BACKGROUND: Long-term symptoms are frequent after coronavirus disease 2019 (COVID-19). We studied the prevalence of post-acute myocardial scar on cardiac magnetic resonance imaging (CMR) in patients hospitalized due to COVID-19 and its association with long-term symptoms. MATERIALS AND METHODS: In this prospective observational single-center study, 95 formerly hospitalized COVID-19 patients underwent CMR imaging at the median of 9 months after acute COVID-19. In addition, 43 control subjects were imaged. Myocardial scar characteristic of myocardial infarction or myocarditis were noted from late gadolinium enhancement images (LGE). Patient symptoms were screened using a questionnaire. Data are presented as mean ± standard deviation or median (interquartile range). RESULTS: The presence of any LGE was higher in COVID-19 patients (66% vs. 37%, p<0.01) as was the presence of LGE suggestive of previous myocarditis (29% vs. 9%, p = 0.01). The prevalence of ischemic scar was comparable (8% vs. 2%, p = 0.13). Only two COVID-19 patients (7%) had myocarditis scar combined with left ventricular dysfunction (EF <50%). Myocardial edema was not detected in any participant. The need for intensive care unit (ICU) treatment during initial hospitalization was comparable in patients with and without myocarditis scar (47% vs. 67%, p = 0.44). Dyspnea, chest pain, and arrhythmias were prevalent in COVID-19 patients at follow-up (64%, 31%, and 41%, respectively) but not associated with myocarditis scar on CMR. CONCLUSIONS: Myocardial scar suggestive of possible previous myocarditis was detected in almost one-third of hospital-treated COVID-19 patients. It was not associated with the need for ICU treatment, greater symptomatic burden, or ventricular dysfunction at 9 months follow-up. Thus, post-acute myocarditis scar on COVID-19 patients seems to be a subclinical imaging finding and does not commonly require further clinical evaluation.


Subject(s)
COVID-19 , Heart Injuries , Myocarditis , Humans , Myocarditis/complications , Contrast Media , Cicatrix/complications , Ventricular Function, Left , COVID-19/complications , Gadolinium , Magnetic Resonance Imaging , Magnetic Resonance Spectroscopy , Heart Injuries/complications , Magnetic Resonance Imaging, Cine/methods , Predictive Value of Tests
12.
Pediatr Cardiol ; 44(5): 1108-1117, 2023 Jun.
Article in English | MEDLINE | ID: covidwho-2285032

ABSTRACT

There have been reports of myocarditis following vaccination against COVID-19. We sought to describe cardiac magnetic resonance (CMR) findings among pediatric patients. Retrospective review at a large academic center of patients clinically diagnosed with post-vaccine myocarditis (PVM) undergoing CMR. Data collected included parametric mapping, ventricular function, and degree of late gadolinium enhancement (LGE). Post-processing strain analysis was performed using feature tracking. Strain values, T1/T2 values, and ventricular function were compared to age- and gender-matched controls with viral myocarditis using a Wilcoxon Signed Rank test. Among 12 patients with presumed PVM, 11 were male and 11 presented after the second vaccination dose, typically within 4 days. All presented with chest pain and elevated troponin. 10 met MRI criteria for acute myocarditis. All had LGE typically seen in the lateral and inferior walls; only five had prolonged T1 values. 10 met criteria for edema based on skeletal muscle to myocardium signal intensity ratio and only 5 had prolonged T2 mapping values. Patients with PVM had greater short-axis global circumferential and radial strain, right ventricle function, and cardiac output when compared to those with viral myocarditis. Patients with PVM have greater short-axis global circumferential and radial strains compared to those with viral myocarditis. LGE was universal in our cohort. Signal intensity ratios between skeletal muscle and myocardium may be more sensitive in identifying edema than T2 mapping. Overall, the impact on myocardial strain by CMR is less significant in PVM compared to more classic viral myocarditis.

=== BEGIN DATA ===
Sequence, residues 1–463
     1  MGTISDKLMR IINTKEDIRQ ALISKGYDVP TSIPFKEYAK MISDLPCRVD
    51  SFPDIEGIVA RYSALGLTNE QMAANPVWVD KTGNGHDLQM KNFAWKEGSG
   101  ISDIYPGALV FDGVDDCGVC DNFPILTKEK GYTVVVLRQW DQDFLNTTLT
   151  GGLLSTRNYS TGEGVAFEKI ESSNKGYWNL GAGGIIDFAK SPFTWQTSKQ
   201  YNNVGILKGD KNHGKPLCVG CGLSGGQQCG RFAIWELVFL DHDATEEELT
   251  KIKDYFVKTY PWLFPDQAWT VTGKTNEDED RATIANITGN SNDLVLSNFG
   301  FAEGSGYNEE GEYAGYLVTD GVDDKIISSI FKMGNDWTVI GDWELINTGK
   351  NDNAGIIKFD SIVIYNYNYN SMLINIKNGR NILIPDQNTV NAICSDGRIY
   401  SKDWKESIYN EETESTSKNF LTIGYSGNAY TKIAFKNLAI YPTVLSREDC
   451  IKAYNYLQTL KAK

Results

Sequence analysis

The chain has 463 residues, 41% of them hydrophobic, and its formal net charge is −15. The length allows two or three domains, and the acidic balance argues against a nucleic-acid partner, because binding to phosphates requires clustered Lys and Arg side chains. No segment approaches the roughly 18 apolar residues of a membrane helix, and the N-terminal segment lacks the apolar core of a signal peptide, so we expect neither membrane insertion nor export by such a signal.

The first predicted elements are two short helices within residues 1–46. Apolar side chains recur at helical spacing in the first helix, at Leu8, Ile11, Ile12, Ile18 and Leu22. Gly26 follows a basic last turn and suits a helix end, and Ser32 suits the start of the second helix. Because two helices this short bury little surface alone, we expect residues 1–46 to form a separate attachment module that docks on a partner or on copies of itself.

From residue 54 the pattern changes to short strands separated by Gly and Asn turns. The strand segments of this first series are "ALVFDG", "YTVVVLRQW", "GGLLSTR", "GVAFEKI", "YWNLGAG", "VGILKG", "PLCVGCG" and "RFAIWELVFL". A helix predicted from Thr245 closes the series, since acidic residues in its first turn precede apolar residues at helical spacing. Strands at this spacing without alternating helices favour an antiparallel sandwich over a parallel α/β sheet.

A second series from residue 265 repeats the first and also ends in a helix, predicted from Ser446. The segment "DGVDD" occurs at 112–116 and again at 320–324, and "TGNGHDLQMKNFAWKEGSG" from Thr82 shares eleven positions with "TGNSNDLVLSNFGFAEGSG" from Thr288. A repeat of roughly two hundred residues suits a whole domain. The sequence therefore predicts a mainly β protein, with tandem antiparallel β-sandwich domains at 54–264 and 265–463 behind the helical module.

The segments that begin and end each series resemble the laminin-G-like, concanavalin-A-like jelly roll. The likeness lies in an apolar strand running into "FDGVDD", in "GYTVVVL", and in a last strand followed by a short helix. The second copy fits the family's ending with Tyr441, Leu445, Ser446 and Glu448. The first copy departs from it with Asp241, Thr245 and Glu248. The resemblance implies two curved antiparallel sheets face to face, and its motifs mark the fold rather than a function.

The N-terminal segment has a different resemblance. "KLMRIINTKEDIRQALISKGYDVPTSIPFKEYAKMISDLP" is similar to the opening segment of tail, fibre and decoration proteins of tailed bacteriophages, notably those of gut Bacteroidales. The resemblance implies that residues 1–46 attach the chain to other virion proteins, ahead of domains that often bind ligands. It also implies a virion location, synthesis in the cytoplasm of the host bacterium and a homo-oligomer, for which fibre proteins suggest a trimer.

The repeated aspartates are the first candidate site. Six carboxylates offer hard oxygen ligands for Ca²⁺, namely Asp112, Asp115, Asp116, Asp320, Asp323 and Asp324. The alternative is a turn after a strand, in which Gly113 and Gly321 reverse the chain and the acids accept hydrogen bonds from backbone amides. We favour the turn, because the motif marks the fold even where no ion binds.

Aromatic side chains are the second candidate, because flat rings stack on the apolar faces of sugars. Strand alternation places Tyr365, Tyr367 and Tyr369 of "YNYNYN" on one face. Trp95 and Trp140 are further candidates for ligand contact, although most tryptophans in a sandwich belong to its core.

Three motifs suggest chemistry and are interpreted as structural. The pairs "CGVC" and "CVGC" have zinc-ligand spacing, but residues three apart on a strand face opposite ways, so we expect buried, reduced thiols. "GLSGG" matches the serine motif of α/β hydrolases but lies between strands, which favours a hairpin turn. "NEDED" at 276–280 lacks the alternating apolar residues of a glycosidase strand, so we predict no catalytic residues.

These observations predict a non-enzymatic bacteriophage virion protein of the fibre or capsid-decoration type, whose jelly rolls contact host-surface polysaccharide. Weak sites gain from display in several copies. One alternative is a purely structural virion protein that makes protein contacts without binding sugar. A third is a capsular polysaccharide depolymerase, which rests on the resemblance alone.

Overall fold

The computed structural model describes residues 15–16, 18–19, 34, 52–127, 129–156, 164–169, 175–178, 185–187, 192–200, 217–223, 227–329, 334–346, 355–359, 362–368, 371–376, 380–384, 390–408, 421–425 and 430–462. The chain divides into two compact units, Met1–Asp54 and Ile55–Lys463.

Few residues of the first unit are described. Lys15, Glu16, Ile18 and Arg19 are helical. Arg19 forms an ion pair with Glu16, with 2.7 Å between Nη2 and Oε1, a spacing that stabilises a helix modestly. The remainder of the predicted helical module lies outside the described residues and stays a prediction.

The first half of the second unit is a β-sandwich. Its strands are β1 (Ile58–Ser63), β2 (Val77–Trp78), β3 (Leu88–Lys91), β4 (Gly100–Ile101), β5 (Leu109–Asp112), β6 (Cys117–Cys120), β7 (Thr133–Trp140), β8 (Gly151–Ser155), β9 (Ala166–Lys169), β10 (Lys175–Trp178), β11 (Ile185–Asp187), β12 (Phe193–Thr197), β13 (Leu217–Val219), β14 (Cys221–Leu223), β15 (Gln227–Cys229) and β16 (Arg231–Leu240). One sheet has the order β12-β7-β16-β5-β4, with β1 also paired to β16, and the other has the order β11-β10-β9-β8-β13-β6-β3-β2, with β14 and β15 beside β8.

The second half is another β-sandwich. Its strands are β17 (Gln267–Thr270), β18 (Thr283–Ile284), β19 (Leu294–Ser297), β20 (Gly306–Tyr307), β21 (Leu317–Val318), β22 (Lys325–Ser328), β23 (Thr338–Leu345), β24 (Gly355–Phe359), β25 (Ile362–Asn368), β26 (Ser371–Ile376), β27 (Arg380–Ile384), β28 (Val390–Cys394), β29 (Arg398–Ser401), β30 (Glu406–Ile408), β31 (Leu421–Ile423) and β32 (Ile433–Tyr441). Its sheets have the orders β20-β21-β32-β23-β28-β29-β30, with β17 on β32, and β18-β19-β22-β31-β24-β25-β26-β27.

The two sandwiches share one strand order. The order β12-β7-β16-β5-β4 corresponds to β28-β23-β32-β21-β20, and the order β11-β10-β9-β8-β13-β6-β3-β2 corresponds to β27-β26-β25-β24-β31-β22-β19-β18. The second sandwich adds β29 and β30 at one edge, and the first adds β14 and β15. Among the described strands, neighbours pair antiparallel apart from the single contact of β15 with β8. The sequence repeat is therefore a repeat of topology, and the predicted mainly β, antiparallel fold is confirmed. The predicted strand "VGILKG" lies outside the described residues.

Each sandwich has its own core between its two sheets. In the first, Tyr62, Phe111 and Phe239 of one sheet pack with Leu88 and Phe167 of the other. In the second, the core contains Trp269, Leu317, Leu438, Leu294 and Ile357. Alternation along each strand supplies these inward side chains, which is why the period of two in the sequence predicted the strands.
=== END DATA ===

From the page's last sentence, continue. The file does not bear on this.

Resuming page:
Subject(s)
COVID-19 , Myocarditis , Humans , Male , Child , Female , Myocarditis/diagnostic imaging , Myocarditis/etiology , COVID-19 Vaccines/adverse effects , Contrast Media , Predictive Value of Tests , Gadolinium , Magnetic Resonance Imaging , Myocardium/pathology , Magnetic Resonance Spectroscopy , Retrospective Studies , Vaccination , Magnetic Resonance Imaging, Cine , Ventricular Function, Left
13.
J Am Heart Assoc ; 12(6): e027801, 2023 03 21.
Article in English | MEDLINE | ID: covidwho-2264637

ABSTRACT